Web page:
What is your favorite amplifier technology and why?

Stereophile's picture
It was speaker technology last week, this week we go after amplifiers. What is your favorite amplifier technology and why?
What is your favorite amplifier technology and why?
Tubes
24% (62 votes)
Solid-state
62% (164 votes)
Tube/solid-state hybrid
8% (20 votes)
Other
6% (17 votes)
Total votes: 263
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Comments
Carlos Moreno's picture

Solid-state—longer quality life.

jason's picture

Based on sound alone, tubes—but they're too much hassle. For everyday use, therefore, solid-state. In particular, MOSFETs (or JFETs) running class-A (max tubeeness from transistors).

Dave's picture

Woo's WA6SE has changed my mind.

Jim M's picture

Solid-state. Better signal-to-noise. Less distortion. Runs cooler. Sounds better.

Dismord's picture

Horses for courses. Valve for phono preamp (Manley Steelhead) & line-level (Leben). Solid-stage digital for power amp (Nuforce Reference VIII). Works for me. However, I suspect the Diavalet digital/class-A amps coming out of France are going to change all that.

Bubba in SF's picture

I like what Bob Carver has done over the years. I had a Carver cube in the '80s and still have a Sunfire power amp. I drive Maggies, so it makes for a good match. In the '70s, I wanted a Phase Linear amp, but it was out of my budget by a long shot. (Marantz receiver instead.)

rwp's picture

SS: Runs cool, sounds magnificent.

ThinkBrown's picture

I prefer solid-state, because it has a greater linearity and higher efficiency than tubes. It is leaner and more detailed, while tubes sound fat and bloated.

Rethep's picture

The insight tubes give in music is beautiful. Dynamics are shifted a little to the background, but that's just fine.

Fred's picture

Much can be said about the efficiency of solid-state, and especially of switching class-D amplifier designs. However, in my ever so humble opinion, that last bit of musicality is available only from tubes. Whether it is from the memory effects, (ghosts left behind when electrons flow through silicon), or some other design aspect. When you listen with the finest front-ends and the most sensitive monitors, more music comes through with tubes. Even in the bass range, more natural detail is evident. Tubes may not give us the last bit of bass slam, but they are able to deliver the goods in just about every other way.

Pete's picture

With my relatively low-sensitivity speakers, I respond to the power and control of solid-state, but only when employing discrete circuits utilizing zero global feedback—as provided by Ayre, Vitus, or darTZeel.

Xsara's picture

Solid-state for sure. More control, more power, and no output transformer. Tubes in the preamp though, but I guess that's next week's question.

maniz's picture

Tubes: warm sound!

Oliver's picture

Solid-state A/AB because: no tube amp will feed my MBL 101D speakers with enough power. No class-D amp can have better sound or measurements than my McIntosh MC-1000 monoblocks.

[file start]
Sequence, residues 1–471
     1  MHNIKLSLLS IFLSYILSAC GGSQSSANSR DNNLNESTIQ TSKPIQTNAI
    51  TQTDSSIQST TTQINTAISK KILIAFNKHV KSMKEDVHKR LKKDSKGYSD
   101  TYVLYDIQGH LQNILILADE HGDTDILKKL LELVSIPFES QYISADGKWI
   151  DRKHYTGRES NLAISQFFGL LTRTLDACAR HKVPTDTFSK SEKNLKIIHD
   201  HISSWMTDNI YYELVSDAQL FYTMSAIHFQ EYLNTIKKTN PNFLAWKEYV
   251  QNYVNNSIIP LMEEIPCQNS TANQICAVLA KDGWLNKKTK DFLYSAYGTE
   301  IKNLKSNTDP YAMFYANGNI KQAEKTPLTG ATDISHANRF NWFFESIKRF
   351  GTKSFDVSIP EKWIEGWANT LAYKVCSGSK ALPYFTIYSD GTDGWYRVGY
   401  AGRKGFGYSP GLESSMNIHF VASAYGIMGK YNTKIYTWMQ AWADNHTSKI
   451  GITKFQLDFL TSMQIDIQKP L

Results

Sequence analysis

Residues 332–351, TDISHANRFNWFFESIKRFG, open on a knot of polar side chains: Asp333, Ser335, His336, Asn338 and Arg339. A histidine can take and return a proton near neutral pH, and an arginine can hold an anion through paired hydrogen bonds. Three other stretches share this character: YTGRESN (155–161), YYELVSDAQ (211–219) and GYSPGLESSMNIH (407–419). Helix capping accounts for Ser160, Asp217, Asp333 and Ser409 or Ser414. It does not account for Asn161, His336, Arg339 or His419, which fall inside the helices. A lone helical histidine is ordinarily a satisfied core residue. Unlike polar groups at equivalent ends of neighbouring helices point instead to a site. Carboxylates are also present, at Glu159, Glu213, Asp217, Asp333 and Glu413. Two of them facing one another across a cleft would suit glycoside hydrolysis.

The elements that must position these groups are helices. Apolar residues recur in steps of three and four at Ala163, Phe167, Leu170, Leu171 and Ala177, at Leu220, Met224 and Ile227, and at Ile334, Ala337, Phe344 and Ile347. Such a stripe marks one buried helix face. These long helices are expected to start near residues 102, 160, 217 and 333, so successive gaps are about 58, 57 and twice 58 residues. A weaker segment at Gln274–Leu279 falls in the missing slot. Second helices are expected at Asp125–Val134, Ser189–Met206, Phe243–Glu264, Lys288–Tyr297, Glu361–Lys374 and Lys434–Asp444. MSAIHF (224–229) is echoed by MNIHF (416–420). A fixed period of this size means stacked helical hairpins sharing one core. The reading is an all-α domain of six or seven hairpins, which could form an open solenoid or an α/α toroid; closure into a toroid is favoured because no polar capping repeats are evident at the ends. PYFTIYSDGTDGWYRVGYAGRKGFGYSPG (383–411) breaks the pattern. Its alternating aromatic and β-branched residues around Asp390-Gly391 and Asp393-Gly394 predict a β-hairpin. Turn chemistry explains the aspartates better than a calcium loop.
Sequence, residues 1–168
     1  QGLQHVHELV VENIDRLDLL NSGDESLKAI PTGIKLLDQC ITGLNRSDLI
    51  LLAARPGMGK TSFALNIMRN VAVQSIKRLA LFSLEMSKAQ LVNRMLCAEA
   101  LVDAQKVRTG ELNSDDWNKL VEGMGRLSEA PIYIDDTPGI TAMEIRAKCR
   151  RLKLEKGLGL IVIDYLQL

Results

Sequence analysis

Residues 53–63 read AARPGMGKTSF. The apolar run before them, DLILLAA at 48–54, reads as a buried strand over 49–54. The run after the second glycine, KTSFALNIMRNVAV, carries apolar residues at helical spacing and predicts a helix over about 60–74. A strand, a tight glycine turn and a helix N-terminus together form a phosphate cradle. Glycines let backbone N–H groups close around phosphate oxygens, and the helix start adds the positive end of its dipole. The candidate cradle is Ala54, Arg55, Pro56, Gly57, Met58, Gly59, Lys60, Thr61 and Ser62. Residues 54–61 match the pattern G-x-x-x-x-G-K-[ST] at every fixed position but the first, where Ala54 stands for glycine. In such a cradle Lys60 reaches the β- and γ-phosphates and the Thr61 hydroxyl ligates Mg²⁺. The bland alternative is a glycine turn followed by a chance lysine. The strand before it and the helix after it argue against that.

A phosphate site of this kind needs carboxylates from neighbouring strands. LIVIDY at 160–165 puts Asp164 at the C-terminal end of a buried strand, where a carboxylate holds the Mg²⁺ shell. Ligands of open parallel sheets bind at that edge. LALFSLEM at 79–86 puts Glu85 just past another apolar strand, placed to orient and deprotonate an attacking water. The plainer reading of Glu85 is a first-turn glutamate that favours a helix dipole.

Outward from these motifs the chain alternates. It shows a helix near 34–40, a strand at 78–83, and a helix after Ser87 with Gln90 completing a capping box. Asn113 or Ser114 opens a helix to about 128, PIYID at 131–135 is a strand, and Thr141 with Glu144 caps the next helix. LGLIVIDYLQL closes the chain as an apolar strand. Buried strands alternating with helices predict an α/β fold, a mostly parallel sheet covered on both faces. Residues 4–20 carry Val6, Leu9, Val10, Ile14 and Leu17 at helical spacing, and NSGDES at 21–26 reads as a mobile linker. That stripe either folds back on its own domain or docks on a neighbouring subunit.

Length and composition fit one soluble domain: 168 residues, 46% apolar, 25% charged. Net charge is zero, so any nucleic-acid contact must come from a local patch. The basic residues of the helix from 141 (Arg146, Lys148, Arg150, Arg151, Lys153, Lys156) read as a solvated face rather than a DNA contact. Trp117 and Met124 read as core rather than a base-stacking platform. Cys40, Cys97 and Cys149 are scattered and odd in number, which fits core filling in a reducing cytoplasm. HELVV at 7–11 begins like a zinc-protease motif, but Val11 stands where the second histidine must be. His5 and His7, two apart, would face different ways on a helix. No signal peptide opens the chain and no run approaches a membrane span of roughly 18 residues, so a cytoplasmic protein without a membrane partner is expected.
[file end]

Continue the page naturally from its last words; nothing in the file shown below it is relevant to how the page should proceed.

Lila's picture

Definitely solid-state. Midrange is very important to me. I used to own a very high-end tube amp and they do sound very nice in their own way, and can be very dynamic. They are prominent in the mid-treble, sounding forward and/or bright, but very colored. Less overall presence, and not as musical and "right" sounding as the best solid-state amps.

kbchristian's picture

Listen to a Lavardin preamp and amp and you will know why.

Russell's picture

Tubes just have that sound!

Cihangir Güzey's picture

Class-AB integrated solid-state.

Mike Eschman's picture

Naim implementation gives great articulation and the overtones sing.

Greg Stern's picture

E.A.R. & DeHavilland tube class-A. Also Arcam's new class-G solid-state in the AVR600—sounds incredible.

Dominus's picture

I like them both, but the amp that makes me stop and look up from my reading is usually the little iTube on my desk.

Johnny B.  Good's picture

When I hear audiophile friends say they can change (their tube amp) sound by changing tubes, I think something is wrong. Could you imagine an "art lover" prefering the Mona Lisa through pink colored glasses? Why buy "X" amplifier if you're going to change the sound later on? I'll stick with my Brystons.

djl's picture

Solid-state. Because of the lower cost of parts compared to tube gear. I like the sound of tube stuff, but when it's time to replace a tube or a pair of tubes, the price is kinda high. Transistors and diodes are much cheaper and with the newer audio grade capacitors, solid-state gear can be made to sound very tube-like!

hal's picture

As one who owns LaScalas, low power is a must. Have tried high power and it does not sound as good. Of course, I do not listen very loudly and the first Watt is very important to me.

45 Triode's picture

45 single-ended—to my ears it is a very alive, human sound, with a lot of dynamic swing. My personal proof of preference is years of solid-state (Cyrus) leading to increasingly fewer listening hours. Since I have owned a Yamamoto A08s, I spend hours in front of the stereo. To each his own, I guess.

Jimmy's picture

Tubes—they have always provided the cleanest, purest sound.

audio-sleuth@comcast.net's picture

It seems to me you get more music for your bucks with tubes. A friend has a $900 tube integrated amp and I never get bored or tired listening to his system.

OvenMaster's picture

Solid-state, no question. More power, less heat, less fragile, and longer life than tubes.

Willy's picture

It hasn't been invented yet.

Dave Bennett's picture

Tubes just sound better. The KT88 being my favorite. It has for me the best balance of drive and subtlety.

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